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Systematic review of infant and young child complementary feeding practices in South Asian families: the India perspective

  • Logan Manikam (a1), Ankita Prasad (a2), Abina Dharmaratnam (a3), Christy Moen (a4), Alexandra Robinson (a5), Alexander Light (a2), Sonia Ahmed (a1), Raghu Lingam (a6) and Monica Lakhanpaul (a1)...

Suboptimal nutrition among children remains a problem among South Asian (SA) families. Appropriate complementary feeding (CF) practices can greatly reduce this risk. Thus, we undertook a systematic review of studies assessing CF (timing, dietary diversity, meal frequency and influencing factors) in children aged <2 years in India.


Searches between January 2000 and June 2016 in MEDLINE, EMBASE, Global Health, Web of Science, OVID Maternity & Infant Care, CINAHL, Cochrane Library, BanglaJOL, POPLINE and WHO Global Health Library. Eligibility criteria: primary research on CF practices in SA children aged 0–2 years and/or their families. Search terms: ‘children’, ‘feeding’ and ‘Asians’ and derivatives. Two researchers undertook study selection, data extraction and quality appraisal (EPPI-Centre Weight of Evidence).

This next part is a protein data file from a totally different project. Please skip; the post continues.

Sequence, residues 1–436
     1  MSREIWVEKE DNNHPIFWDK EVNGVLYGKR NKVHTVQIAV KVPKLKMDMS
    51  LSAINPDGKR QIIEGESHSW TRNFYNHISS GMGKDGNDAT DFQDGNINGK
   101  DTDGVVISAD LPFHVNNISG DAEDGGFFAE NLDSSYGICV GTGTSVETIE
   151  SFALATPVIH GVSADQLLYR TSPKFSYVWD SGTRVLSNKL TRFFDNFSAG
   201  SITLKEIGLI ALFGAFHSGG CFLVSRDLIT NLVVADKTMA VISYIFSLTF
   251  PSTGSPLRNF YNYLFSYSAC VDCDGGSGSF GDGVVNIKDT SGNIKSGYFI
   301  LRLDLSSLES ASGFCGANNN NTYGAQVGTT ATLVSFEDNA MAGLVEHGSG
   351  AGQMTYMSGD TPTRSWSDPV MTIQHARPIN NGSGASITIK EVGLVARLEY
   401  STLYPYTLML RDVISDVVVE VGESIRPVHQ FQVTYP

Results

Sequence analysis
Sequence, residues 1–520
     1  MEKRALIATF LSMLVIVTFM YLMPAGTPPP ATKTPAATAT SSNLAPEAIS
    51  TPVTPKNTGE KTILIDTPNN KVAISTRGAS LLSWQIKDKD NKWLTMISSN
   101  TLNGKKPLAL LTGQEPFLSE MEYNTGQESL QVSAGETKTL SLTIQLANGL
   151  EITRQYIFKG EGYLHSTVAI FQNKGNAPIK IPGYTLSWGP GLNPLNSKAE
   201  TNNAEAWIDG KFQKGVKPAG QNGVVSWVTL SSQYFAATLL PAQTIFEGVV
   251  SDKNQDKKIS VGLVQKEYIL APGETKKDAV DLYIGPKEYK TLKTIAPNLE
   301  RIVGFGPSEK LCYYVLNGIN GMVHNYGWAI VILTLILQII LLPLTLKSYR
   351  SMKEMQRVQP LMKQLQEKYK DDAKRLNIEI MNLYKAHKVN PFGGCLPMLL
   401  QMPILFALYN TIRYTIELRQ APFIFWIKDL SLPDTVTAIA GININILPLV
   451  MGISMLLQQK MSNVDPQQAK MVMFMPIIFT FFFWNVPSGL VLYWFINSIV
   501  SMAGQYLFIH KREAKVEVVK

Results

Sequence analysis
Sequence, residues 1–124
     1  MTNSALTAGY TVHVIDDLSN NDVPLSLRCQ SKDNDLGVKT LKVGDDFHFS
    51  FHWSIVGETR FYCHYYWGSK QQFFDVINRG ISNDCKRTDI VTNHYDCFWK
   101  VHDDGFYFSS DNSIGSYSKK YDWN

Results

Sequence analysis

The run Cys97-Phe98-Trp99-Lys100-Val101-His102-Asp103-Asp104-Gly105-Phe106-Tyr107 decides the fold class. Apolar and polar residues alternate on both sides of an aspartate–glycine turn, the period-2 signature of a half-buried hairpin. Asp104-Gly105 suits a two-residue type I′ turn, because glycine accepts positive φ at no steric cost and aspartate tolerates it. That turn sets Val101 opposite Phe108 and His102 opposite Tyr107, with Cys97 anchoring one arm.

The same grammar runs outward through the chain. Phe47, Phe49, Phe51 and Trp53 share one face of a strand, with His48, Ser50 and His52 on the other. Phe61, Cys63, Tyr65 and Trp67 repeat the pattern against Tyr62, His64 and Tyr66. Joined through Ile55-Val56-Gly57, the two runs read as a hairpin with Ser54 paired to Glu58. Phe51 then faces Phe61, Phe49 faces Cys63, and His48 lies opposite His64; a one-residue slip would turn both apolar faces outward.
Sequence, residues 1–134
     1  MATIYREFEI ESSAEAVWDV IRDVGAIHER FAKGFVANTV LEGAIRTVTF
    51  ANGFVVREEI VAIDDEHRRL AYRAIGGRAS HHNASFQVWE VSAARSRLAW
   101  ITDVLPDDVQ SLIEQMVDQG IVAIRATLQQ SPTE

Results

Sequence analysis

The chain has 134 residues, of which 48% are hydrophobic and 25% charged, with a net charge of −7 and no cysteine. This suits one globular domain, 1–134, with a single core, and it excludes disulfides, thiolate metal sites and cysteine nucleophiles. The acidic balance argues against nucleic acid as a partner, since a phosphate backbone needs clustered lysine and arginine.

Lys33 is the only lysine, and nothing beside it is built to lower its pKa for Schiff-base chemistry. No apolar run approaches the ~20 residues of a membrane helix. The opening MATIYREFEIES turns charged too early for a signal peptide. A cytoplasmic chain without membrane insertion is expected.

From 45 712 abstracts screened, sixty-four cross-sectional, seven cohort, one qualitative and one case–control studies were included. Despite adopting the WHO Infant and Young Child Feeding guidelines, suboptimal CF practices were found in all studies. In twenty-nine of fifty-nine studies, CF was introduced between 6 and 9 months, with eight studies finding minimum dietary diversity was achieved in 6–33 %, and ten of seventeen studies noting minimum meal frequency in only 25–50 % of the study populations. Influencing factors included cultural influences, poor knowledge on appropriate CF practices and parental educational status.


This is the first systematic review to evaluate CF practices in SA in India. Campaigns to change health and nutrition behaviour and revision of nationwide child health nutrition programmes are needed to meet the substantial unmet needs of these children.

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